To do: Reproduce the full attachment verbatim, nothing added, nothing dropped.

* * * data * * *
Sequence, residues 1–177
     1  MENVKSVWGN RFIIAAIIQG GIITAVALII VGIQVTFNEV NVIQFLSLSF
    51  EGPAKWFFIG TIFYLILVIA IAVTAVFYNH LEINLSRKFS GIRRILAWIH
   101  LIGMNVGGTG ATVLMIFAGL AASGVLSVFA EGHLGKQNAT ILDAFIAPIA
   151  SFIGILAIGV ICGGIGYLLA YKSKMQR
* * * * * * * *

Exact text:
Sequence, residues 1–177
     1  MENVKSVWGN RFIIAAIIQG GIITAVALII VGIQVTFNEV NVIQFLSLSF
    51  EGPAKWFFIG TIFYLILVIA IAVTAVFYNH LEINLSRKFS GIRRILAWIH
   101  LIGMNVGGTG ATVLMIFAGL AASGVLSVFA EGHLGKQNAT ILDAFIAPIA
   151  SFIGILAIGV ICGGIGYLLA YKSKMQR